Why exercising your ‘good arm’ can also help the one in a sling
Ken Nosaka, Edith Cowan University
Injured limbs need rest. They are often kept in a sling or cast to immobilise them as a way to promote healing. But that can mean smaller and weaker muscles several weeks later. It takes a long time to rehabilitate these muscles and muscle strength and function may not be fully restored for some people.
Experts are learning more and more about the “cross-education effect” where training one side of the body results in an increased strength of the opposite side of the body. Our recent study shows it can also stop muscle wasting in the “unused” arm.
So, how can we harness that effect?
How it works
First discovered 100 years ago, the mechanisms underpinning the cross-education effect have not been fully clarified yet. But it is likely associated with neural adaptations in the motor cortex of the brain that controls movement in the body.
Researchers have reviewed almost 100 studies and showed the average cross-body transfer ratio between the strength gain in the trained muscle to non-trained muscle ranged from 48% to 77%. So, if your trained arm strength increased by 20% after training the same muscle of your non-trained arm strength might increase by 10% even though you did nothing with that arm.
Such changes could be due to increased cortical excitability (the brain activity to control movement), reduced cortical inhibition (the signal to stop movements), reduced inter-hemispheric inhibition (the signals that direct movement instructions to one side of the body but not the other), changes in voluntary activation or new brain regions getting switched on.
It appears the type of muscle contraction in the training affects the extent of the cross-education effect.
There are three types of muscle contractions:
- isometric (static) where the force produced by a muscle is equal to the load to the muscle, such as holding a dumbbell
- concentric (shortening) in which force is greater than load, such as lifting a dumbbell
- eccentric (lengthening) in which force is less than load, such as lowering a dumbbell.
Muscles can produce greater force during eccentric than isometric or concentric contractions. And less fatigue is induced during eccentric than other contractions. Resistance exercises – when muscles work against a weight or force – increase muscular strength and endurance using these types of muscle contractions.
Several studies report exercise consisting of eccentric-only muscle contractions (say, lowering a dumbbell but not lifting it) produces greater cross-education effect than exercise consisting of concentric-only (lifting only) or concentric-eccentric contractions (lifting and lowering).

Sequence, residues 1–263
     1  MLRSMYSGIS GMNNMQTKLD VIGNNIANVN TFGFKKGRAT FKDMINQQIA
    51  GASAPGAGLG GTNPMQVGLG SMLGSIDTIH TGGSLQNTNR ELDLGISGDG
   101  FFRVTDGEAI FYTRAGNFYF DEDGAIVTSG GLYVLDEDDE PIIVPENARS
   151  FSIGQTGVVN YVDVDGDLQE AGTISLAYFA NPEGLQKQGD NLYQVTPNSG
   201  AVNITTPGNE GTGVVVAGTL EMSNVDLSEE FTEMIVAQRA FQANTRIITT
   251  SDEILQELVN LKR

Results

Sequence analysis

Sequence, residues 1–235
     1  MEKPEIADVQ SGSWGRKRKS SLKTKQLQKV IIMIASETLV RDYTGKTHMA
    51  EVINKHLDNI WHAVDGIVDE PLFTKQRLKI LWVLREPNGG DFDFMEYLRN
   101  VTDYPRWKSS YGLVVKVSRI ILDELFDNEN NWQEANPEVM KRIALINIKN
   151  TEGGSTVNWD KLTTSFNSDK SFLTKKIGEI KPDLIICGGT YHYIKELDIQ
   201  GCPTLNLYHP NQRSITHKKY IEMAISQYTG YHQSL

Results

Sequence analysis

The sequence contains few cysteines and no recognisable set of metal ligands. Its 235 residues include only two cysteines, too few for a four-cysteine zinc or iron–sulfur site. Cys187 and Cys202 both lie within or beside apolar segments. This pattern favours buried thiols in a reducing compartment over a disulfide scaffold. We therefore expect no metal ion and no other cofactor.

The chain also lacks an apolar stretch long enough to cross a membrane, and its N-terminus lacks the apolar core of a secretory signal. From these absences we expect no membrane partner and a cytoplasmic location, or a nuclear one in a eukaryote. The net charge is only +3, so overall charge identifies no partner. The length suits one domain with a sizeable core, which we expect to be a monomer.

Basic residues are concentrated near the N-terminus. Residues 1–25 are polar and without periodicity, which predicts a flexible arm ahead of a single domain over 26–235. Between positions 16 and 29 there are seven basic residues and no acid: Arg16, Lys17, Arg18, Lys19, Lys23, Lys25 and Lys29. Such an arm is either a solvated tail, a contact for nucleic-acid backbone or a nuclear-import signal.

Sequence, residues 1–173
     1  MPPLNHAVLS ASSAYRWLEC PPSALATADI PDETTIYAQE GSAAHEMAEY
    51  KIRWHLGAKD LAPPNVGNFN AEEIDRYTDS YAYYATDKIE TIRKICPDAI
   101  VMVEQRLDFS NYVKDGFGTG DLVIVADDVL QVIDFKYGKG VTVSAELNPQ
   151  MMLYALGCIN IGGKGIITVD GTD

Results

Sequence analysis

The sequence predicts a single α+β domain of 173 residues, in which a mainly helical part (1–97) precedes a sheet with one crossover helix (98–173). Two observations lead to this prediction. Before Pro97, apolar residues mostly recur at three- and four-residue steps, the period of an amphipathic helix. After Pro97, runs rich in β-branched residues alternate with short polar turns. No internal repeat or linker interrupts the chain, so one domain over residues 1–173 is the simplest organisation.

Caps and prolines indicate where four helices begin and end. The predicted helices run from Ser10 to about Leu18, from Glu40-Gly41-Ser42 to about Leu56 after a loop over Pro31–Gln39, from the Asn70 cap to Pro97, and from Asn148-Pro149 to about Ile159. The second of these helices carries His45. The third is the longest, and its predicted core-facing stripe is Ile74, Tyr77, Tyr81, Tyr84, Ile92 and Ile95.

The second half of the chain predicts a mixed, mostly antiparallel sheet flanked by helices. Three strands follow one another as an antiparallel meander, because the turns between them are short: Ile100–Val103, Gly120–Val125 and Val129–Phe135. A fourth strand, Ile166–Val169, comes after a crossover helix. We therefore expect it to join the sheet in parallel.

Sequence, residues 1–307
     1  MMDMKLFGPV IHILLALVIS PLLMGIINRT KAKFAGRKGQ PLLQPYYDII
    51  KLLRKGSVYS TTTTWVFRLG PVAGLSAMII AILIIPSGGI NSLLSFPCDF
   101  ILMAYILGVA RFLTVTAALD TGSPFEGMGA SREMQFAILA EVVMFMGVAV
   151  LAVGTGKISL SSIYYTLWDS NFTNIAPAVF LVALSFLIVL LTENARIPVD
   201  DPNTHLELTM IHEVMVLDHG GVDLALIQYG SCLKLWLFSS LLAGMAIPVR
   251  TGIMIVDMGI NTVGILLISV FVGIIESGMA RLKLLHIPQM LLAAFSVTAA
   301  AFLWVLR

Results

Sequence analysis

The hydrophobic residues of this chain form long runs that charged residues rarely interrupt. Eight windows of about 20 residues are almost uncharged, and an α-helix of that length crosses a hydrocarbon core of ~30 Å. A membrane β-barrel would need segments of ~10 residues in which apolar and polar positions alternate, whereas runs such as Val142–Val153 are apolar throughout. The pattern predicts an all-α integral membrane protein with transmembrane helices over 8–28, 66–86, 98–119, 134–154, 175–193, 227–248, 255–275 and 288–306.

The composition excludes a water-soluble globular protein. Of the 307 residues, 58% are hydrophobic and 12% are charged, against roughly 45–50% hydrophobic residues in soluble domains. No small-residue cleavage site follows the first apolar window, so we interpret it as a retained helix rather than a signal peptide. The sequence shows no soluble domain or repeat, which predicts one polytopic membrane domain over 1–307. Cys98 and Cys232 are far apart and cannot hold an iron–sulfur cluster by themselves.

One study showed eccentric exercise training affected brain-spine responses and stopping (inhibition) signals of the untrained limb to a greater extent than concentric training.
What we studied
In 2021, we compared eccentric and concentric resistance exercise training for cross-education effect in which 18 young people (aged 20–23) performed progressive elbow flexor resistance training with one arm twice a week for five weeks using a dumbbell.
Both eccentric (lengthening) and concentric (shortening) training groups increased muscle strength similarly after the training (by 23 to 26%) for the trained arm. But the non-trained arm showed greater strength increase after eccentric (23%) than concentric training (12%). The cross-body transfer ratio (the correspondence between the strength gain in both sides) was much greater (91%) for eccentric training when participants lowered a dumbbell only compared to concentric training (49%) when they lifted it.
This tallies with our previous study that showed greater strength gains and cross-education effect from eccentric training.
Published in February, our most recent study involved 12 young men and showed how training one arm can prevent weakening of the other. No training saw muscle strength and size of the inactive arm reduced by up to 17%. Concentric training reduced the loss to to 4%. But eccentric training increased the immobilised arm strength by 4% and completely abolished atrophy (muscle wasting).
What to ask your physio
These findings support the recommendation of resistance training using eccentric or lengthening movements of the non-immobilised limb to prevent muscle strength loss and atrophy in real injuries such as ligament sprains and tears or bone fractures and after surgery.
This type of training has not been used extensively in rehabilitation so far. Further investigation into the mechanisms at play is needed but our findings could inform changes to how rehabilitation is implemented.
If you’re injured and or have had surgery and have an arm or leg immobilised, it’s worth discussing with your doctor, surgeon or physio whether exercising the corresponding limb on your good side – especially with lengthening movements against resistance or with a weight – could be worth trying.
Ken Nosaka, Professor of Exercise and Sports Science, Edith Cowan University
This article is republished from The Conversation under a Creative Commons license. Read the original article.